Nature has set an impassable seal against it. Besides, is not America for Whites? And is it not better so?
Henry Clay, who enslaved many African Americans, was an influential leader of his day, a border state slaveholder and U.S. Senator, a man whom Abraham Lincoln once said had taught him all he knew about slavery. Lincoln was fond of minstrel shows, where white performers made up in blackface did musical numbers and other comedy skits on the stage. Extreme racist caricatures and mimicking of black Americans were centerpieces of these shows.
As president, Lincoln was willing to support a constitutional amendment making slavery permanent in the existing southern states if that would prevent a civil war. Some members of the Republican Party talked with representatives of the southern planters and proposed a thirteenth amendment to the Constitution that would guarantee slavery in the South. Lincoln was willing to accept this. However, the southern slaveholding oligarchy rejected this compromise proposal, apparently because they thought they could win a war.
December 18, 1865 is arguably the date of the real birth of a United States committed substantially, if still rhetorically and haltingly, to expanding human liberty. That was the day that the actual Thirteenth Amendment freeing all enslaved Americans was finally ratified. This legal action would not likely have taken place without the active resistance to oppression by African Americans, who thereby played a central role in bringing their own liberation. At base, it was not Abraham Lincoln’s famous Emancipation Proclamation that did the most to bring an end to slavery, but rather the active efforts of those who had been enslaved. This included the 200,000 African American soldiers and the several hundred thousand support workers who helped the Union win the war in its most difficult years.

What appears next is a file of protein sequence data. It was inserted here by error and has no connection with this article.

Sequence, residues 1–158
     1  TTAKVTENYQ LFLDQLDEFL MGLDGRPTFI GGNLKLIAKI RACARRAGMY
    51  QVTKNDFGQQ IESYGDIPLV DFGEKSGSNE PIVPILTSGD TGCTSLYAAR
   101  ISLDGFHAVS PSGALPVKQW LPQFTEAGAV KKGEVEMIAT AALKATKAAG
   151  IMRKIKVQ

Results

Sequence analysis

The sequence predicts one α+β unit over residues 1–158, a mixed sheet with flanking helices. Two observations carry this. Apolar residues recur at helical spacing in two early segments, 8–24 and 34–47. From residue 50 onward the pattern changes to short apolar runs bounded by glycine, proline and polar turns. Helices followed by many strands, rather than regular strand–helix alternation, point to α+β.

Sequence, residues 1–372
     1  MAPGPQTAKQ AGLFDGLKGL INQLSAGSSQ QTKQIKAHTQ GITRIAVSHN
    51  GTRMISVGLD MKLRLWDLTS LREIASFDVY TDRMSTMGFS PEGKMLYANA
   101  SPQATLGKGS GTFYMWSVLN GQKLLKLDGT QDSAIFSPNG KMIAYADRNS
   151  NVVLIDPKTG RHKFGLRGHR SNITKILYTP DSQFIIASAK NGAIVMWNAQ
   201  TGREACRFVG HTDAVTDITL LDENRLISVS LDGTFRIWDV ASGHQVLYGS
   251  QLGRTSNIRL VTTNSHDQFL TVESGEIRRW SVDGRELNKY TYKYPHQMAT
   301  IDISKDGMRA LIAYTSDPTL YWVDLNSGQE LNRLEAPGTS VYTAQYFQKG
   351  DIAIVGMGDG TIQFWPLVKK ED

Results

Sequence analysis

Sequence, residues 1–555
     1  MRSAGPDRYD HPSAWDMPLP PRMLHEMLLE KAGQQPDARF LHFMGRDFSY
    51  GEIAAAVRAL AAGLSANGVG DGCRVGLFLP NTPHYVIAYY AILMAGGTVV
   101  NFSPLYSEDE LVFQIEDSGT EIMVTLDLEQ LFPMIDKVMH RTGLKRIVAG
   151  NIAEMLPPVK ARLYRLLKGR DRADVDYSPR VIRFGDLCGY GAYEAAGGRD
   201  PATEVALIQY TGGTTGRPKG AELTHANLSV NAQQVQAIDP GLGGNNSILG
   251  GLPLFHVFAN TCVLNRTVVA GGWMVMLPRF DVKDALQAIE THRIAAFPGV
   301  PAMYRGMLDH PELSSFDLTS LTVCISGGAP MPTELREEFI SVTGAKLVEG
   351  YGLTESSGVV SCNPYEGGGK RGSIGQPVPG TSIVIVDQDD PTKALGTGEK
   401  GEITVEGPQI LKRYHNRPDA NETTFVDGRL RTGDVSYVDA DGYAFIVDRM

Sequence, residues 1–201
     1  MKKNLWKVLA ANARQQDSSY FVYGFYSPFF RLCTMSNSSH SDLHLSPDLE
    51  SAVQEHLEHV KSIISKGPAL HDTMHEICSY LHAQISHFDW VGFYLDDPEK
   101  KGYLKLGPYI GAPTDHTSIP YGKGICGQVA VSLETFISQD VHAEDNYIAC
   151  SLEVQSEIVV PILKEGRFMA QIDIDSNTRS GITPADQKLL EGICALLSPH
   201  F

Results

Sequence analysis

Significantly for the country’s future, the antislavery white legislators who composed and fought for the Thirteenth Amendment in the U.S. Congress understood it to mandate an end not only to slavery but also to the “badges and incidents” of slavery. (“Badges” referred to indicators of racial rank, while “incidents” referred to heavy burdens accompanying enslavement.) Senator Lyman Trumbull, an Illinois Republican, introduced the Thirteenth Amendment in the U.S. Senate in 1864.
Two years later, when he and his colleagues sought passage of a comprehensive 1866 Civil Rights Act to eradicate those “badges and incidents” of slavery, Trumbull aggressively defended the view that this Thirteenth Amendment gave Congress the authority to destroy all these discriminations in civil rights against the black man, and if we cannot, our constitutional amendment amounts to nothing. It was for that purpose that the second clause of that amendment was adopted, which says that Congress shall have authority, by appropriate legislation, to carry into effect the article prohibiting slavery. (This was, interestingly, quoted in the important 1968 Supreme Court decision, Jones v. Alfred H. Mayer Co., on racial discrimination in housing.)